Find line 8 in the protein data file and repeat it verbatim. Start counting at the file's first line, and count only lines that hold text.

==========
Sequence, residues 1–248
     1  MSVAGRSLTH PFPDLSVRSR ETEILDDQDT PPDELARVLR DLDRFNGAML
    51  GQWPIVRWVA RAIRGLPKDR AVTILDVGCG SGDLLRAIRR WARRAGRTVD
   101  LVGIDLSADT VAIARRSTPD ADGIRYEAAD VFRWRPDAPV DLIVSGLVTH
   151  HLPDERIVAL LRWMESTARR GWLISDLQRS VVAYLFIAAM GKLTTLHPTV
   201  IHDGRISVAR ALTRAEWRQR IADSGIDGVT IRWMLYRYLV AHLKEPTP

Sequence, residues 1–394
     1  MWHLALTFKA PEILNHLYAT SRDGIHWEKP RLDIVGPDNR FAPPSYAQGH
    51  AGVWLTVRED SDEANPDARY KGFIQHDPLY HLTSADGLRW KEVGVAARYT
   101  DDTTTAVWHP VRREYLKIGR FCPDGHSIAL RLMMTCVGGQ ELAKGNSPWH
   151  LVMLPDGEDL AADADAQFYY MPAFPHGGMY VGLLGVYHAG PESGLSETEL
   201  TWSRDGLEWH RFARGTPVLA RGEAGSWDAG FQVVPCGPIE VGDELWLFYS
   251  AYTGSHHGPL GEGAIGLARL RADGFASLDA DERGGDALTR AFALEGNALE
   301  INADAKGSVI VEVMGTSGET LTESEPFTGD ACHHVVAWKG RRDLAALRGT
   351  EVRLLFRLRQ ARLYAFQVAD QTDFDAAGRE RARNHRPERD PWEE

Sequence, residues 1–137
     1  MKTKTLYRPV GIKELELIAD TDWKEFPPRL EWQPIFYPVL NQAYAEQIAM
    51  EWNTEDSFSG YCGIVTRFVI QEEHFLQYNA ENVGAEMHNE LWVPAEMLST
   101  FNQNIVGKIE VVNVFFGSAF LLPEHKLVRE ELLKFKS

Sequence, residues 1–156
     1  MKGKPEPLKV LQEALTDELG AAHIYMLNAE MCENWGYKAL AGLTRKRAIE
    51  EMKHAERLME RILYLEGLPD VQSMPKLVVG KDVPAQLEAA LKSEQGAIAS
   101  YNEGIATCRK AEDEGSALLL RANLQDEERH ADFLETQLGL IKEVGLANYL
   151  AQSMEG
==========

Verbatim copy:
     1  MWHLALTFKA PEILNHLYAT SRDGIHWEKP RLDIVGPDNR FAPPSYAQGH